Precision Medicine Group today launched its Precision Value & Health initiative to try to find ways to address that question.
While there was collective marvel at the treatment’s potential after the FDA’s historic approval of Kymriah (tisagenlecleucel), the question remained as to what it would cost. The answer came a few days later, when Novartis spokesperson Dana Cooper placed the price at $475,000, stating that the company feasibly could have asked for $600,000-750,000.
“The trouble with that is that no single payer wants to be on the hook for that one-time cost, knowing that the benefits are derived over a number of years,” Dan Renick told Healthcare Analytics News in an interview. Renick is president of Precision Value & Health, a new service offering announced today by the aptly-named Precision Medicine Group.
“When you look at the development pipeline right now, the percentage of drugs that fall under the category of ‘precision medicine’ has grown substantially. They may be more expensive, because it’s a smaller treatment population. They may be more curative, which is great news,” Renick says. But that expense creates a confounding scenario: who pays, and over what period of time?
Renick indicates the answers there might require an evolution in the market.
“Pharmaceutical manufacturers likely will need to work with the insurance industry to accept payment over a number of years, and that payment would come from whoever is responsible during that year,” he said. “In the US patients can change insurance plans, or change jobs, and have a different payer year-to-year. I think we’ll seek mechanisms by which these curative therapies are funded year-to-year by the party that’s responsible at that given time.”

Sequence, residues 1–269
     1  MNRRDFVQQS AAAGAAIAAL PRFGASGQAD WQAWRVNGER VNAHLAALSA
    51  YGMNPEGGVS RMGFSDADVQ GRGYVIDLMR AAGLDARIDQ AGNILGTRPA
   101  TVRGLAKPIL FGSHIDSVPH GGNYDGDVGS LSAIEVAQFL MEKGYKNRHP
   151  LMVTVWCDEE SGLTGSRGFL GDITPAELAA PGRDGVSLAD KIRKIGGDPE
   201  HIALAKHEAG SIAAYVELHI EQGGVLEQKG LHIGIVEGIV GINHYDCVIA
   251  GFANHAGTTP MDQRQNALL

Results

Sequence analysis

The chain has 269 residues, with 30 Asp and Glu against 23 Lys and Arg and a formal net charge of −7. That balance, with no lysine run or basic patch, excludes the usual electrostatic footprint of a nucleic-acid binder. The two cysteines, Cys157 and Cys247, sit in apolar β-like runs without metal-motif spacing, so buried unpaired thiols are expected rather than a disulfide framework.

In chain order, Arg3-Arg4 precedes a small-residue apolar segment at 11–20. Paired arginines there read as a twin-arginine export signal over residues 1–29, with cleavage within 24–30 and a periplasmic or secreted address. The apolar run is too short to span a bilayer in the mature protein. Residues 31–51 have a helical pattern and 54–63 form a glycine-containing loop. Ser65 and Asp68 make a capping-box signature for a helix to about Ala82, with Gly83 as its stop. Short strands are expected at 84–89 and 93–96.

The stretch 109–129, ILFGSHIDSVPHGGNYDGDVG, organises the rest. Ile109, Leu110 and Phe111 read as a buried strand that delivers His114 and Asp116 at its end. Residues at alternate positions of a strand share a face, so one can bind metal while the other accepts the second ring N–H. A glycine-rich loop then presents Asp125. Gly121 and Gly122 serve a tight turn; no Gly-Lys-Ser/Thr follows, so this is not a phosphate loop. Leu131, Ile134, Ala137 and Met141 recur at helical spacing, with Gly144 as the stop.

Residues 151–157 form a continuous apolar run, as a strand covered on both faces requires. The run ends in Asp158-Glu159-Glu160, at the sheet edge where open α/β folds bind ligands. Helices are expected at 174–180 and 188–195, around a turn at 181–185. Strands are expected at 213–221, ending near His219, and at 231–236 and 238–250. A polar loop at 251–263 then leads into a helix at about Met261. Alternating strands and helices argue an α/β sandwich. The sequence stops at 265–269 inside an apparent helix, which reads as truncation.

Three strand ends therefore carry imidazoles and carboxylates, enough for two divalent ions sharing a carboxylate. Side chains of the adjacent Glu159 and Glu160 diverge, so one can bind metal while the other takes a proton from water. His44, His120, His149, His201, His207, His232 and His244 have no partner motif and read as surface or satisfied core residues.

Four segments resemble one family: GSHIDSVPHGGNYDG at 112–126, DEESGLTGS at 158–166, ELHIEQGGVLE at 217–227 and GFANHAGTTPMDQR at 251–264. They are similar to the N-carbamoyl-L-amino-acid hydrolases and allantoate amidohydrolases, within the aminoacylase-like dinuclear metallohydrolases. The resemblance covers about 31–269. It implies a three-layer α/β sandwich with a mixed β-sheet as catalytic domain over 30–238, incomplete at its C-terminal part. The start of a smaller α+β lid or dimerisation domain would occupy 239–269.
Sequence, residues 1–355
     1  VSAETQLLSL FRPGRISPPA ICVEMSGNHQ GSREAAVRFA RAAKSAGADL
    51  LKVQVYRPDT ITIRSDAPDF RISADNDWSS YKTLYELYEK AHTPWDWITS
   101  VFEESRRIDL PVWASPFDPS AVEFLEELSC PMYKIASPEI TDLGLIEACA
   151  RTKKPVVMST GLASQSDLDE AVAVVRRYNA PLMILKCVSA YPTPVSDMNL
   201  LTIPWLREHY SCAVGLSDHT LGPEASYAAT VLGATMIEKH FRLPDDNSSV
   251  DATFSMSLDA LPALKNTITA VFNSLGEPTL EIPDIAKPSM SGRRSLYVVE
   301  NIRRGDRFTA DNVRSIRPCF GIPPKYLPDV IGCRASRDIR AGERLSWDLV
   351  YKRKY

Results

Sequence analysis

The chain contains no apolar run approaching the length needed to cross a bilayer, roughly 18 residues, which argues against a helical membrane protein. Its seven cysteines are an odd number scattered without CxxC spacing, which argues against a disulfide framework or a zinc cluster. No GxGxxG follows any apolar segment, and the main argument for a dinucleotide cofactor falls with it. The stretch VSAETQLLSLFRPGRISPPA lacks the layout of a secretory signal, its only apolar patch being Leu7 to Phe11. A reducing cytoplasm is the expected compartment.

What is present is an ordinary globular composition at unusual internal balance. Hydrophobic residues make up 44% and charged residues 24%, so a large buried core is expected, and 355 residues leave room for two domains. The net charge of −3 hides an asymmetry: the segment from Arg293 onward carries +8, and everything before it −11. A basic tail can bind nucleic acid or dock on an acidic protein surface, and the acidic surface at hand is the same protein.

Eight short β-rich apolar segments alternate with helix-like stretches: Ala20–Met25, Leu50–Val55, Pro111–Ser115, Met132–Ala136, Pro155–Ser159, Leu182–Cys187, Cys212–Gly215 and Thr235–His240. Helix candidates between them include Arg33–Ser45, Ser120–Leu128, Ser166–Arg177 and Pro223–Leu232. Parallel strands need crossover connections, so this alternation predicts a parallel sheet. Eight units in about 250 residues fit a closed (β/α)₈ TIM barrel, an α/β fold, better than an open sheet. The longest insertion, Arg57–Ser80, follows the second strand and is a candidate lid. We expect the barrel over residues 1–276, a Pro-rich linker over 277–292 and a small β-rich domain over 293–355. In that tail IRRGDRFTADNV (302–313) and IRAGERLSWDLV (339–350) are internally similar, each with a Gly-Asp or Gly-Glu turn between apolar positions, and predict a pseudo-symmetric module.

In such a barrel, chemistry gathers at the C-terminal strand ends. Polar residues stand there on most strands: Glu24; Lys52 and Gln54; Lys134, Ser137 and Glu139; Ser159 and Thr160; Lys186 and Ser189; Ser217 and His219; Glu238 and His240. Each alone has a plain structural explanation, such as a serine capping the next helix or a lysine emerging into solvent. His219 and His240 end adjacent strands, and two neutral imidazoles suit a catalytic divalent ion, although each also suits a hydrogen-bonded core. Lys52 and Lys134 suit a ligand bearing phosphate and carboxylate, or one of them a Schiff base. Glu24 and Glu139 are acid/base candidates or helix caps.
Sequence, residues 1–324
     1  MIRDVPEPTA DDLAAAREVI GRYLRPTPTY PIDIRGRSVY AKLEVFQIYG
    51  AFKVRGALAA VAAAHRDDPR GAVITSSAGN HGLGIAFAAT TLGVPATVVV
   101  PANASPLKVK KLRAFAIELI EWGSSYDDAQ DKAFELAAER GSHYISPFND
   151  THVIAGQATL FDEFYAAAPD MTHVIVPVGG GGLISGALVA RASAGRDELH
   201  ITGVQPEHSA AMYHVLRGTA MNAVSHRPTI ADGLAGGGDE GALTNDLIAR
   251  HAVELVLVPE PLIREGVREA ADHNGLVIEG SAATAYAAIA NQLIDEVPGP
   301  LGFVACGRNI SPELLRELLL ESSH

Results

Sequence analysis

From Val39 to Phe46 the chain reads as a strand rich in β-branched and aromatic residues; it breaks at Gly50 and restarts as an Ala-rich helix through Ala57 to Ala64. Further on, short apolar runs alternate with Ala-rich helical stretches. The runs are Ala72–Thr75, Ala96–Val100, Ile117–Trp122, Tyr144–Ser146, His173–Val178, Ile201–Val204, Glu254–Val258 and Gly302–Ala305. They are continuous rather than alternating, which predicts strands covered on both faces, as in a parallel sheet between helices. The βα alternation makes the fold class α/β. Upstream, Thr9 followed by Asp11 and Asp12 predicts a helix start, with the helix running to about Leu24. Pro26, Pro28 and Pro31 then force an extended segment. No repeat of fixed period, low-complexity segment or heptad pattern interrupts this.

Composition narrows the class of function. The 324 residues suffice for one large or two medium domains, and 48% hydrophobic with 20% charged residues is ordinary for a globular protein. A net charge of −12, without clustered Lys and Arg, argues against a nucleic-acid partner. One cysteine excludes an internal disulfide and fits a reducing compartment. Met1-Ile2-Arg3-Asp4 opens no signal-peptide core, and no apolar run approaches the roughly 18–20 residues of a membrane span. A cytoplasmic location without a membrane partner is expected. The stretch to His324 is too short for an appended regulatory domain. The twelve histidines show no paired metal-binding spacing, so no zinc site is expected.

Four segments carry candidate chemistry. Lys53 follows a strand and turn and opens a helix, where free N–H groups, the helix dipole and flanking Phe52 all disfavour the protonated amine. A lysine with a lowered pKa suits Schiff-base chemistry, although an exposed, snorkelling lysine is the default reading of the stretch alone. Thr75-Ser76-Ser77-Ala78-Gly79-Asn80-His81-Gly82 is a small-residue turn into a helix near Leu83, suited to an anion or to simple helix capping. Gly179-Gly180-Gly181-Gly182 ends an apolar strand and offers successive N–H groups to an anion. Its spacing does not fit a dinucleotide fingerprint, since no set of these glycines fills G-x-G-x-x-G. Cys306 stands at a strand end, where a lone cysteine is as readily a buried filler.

His company’s new initiative is designed to work with those insurance companies, on behalf of the pharmaceutical makers, to demonstrate the value of the new therapies in order to encourage reimbursement. “We don’t engage directly for them, but rather we support their evidence development, their communication needs, and how they deploy information out to the marketplace. We support our clients as they attempt to demonstrate value to a number of stakeholders in the marketplace,” he said.
The precision medicine treatments are coming, and the payment question will only continue to grow as more of them hit the market. Renick is optimistic that the industry will be able to sort out the mechanics, saying that “There’s enough of a recognition that these innovations are meaningful, life-changing, and in some cases life-saving…all these industry participants have the patient as a focus, and with that focus you can solve these things that tend to be more mechanical in nature.”
Still, when asked if he expects to see resistance to those efforts, he laughed. “Well, there’s always resistance in US healthcare,” he cracked.